Saturday, October 27, 2018

Whisky Review: Johnnie Walker Blenders' Batch 'Wine Cask Blend'

In my last post, I reviewed the 'Red Rye Finish' from the Blenders' Batch series, an experimental brand extension of Johnnie Walker.  As you know, I was quite impressed with the Red Rye Finish in spite of it being a no-age-statement, blended Scotch.  It was enjoyable neat.  Always nice to stumble on a blend that is affordable and enjoyable on its own.

So, with that in mind, I picked up a bottle of another in the Blenders' Batch line-up:  "Wine Cask Blend"

The concept behind this bottling is to age some spirit in wine casks, in addition to the traditional ex-bourbon and sherry casks.  We do not know what wine casks were selected though.  Diageo is tight-lipped on that point which is unfortunate because depending on the wine, there can be some very distinctive flavour profiles.  For example, on the one hand there is Glenmorangie 12 years Nectar D'Or that has its spirit finished in ex-Sauternes casks (a sweet white wine) and on the other, I can recall a bottle of Bruichladdich whose spirit was matured in ex-Barolo (a powerhouse Italian red).  In both cases, the results were spectacular.

So, not knowing what wine casks were employed in the maturation of this blended Scotch, what do I know?  The malt whiskies in this blend come from Clynelish and Roseilses (opened in 2010 - and is the largest distillery ever built).

Age Statement


Artificial Color?

Chill Filtration?

Twist-off metal cap.


Nose (undiluted)
Oak, apples, a little pine needles and cone, buttery, buttercups and a faint sherry note.

Palate (undiluted)
Apples, a lot of grapefruit, a little caramel sweetness turning slightly bitter by the finish.  Dry wood notes and I note bourbon cask notes like melon, lemons.

Finish (undiluted)
Short finish, the flavours evaporate as quickly as a politician's promises following election night.  The grain whiskies contribute to a grainy, tingling sensation that is slightly astringent.  This is all chased by lemon pith/grapefruit and alcohol bitterness.

General Impressions
While I do not know from any press release or info on the Johnnie Walker website what kind of wine casks were employed in the wood management, my guess would be that the casks previously held white wines of some kind.  In addition, I think ex-bourbon casks also play a big role in this blend.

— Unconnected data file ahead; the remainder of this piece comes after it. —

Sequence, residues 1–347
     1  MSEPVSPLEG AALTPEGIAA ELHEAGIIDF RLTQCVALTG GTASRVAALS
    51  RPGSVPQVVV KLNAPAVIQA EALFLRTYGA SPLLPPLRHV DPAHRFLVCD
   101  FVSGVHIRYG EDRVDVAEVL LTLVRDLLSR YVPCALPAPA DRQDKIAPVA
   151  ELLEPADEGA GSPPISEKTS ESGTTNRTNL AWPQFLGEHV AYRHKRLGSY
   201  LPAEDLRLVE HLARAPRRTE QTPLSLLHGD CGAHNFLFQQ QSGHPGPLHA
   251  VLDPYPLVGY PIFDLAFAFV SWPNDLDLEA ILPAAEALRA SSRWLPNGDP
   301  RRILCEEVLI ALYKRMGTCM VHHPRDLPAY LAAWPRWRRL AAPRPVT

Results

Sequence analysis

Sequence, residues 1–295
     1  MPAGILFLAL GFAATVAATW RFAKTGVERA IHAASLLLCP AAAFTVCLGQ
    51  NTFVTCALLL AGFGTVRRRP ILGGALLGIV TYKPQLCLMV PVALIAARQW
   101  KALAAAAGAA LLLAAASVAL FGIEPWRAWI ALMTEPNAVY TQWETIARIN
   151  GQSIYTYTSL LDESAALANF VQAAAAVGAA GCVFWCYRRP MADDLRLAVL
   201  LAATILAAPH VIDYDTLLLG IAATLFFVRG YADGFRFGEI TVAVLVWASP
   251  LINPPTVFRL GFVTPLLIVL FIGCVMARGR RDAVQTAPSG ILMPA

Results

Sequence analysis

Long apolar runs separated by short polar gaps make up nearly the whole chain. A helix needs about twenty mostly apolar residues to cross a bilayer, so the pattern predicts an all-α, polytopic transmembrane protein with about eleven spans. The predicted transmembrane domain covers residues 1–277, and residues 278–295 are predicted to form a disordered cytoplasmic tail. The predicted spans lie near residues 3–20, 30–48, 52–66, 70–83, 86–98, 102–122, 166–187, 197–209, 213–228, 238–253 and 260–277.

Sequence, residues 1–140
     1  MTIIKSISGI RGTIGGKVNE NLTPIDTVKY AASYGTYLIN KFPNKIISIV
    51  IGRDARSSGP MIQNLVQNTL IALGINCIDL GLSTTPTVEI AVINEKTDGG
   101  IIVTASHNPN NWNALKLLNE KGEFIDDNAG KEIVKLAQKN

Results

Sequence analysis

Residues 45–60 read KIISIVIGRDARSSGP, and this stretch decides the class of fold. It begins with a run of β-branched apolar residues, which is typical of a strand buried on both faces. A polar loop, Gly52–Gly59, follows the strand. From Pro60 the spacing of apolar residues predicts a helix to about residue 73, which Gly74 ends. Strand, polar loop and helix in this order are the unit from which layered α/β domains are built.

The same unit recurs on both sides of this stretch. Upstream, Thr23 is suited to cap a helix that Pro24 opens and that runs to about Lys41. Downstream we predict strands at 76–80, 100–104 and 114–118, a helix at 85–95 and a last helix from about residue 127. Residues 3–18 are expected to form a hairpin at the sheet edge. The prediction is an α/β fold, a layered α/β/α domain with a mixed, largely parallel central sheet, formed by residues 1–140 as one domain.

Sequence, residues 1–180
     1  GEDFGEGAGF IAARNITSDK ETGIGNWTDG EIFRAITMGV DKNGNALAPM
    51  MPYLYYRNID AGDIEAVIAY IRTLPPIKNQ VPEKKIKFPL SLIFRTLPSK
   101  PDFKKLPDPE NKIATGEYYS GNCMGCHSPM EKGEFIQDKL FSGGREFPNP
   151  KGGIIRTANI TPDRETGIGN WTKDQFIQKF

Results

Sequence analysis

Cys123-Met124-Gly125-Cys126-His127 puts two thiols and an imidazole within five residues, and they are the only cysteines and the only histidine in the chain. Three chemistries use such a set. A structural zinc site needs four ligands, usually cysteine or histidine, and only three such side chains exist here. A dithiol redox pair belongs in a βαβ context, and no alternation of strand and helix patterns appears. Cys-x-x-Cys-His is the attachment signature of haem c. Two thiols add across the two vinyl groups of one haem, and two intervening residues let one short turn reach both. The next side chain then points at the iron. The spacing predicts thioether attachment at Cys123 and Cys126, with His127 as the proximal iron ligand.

In terms of malt and grain whisky ratio, I am tasting a lot of young grain whiskies that are not helping matters.  Not enough Clynelish here!

If you visit the Johnnie Walker website that features this blend, they suggest using it as mix and I think that is the correct suggestion.  This is not very enjoyable neat or with the addition of a few drops of water.  This goes best in a tall glass of ice and ginger-ale.

This blend tries to taste like Glenmorangie 10yrs, 12 yrs Nectar D'Or, Glenfiddich 15 Solera, but only ends up tasting like a blended Scotch homage to Alpenweiss or Black Tower.

In conclusion, I recommend buying this as an effective mix.  I did try it with ginger-ale, an iceberg of ice and slice of lime and it worked very well.


Jason Debly


  1. Good review Jason,
    JW have put out a few 'experiments' of late... While I haven't tried any... Locally, none have have had any glowing reviews... There is even an espresso version... It's just me ...but I can't bring myself to buy any of them.
    AL (from OZ)

    1. Espresso? Yuck! I think Diageo wants Johnnie Walker to appear to be innovative, but espresso is just gross.

      For an innovative whisky company, check out Compass Box. Spice Tree is a really nice NAS bottled at 46% and no chill filtration.

  2. Those Glenmorangie and Bruichladdich expressions sound intriguing and like better executions of the wine cask theme than this JW.

    1. Yes, they are worth seeking out for sure.

  3. "Espresso? Yuck! I think Diageo wants Johnnie Walker to appear to be innovative, but espresso is just gross."

    Don't be so quick to judge without sampling the JW Espresso Roast Blender's Batch, boys.
    I picked up a couple of bottles here in Sydney and I must say that it is rather delightful!
    Bottled at 43.2% from heavily roasted barley. The effect is more Lindt dark chocolate with a hint of mocha. The 500ml bottle is presented with a cork rather than metal screw cap.
    Add a couple of drops of water and the vanilla and cinnamon appears.
    I found this quite reminiscent of the Glenmorangie Signet.
    Try it if you can find it!

  4. Compass Box stuff is Bloody Hard to get down here damnit !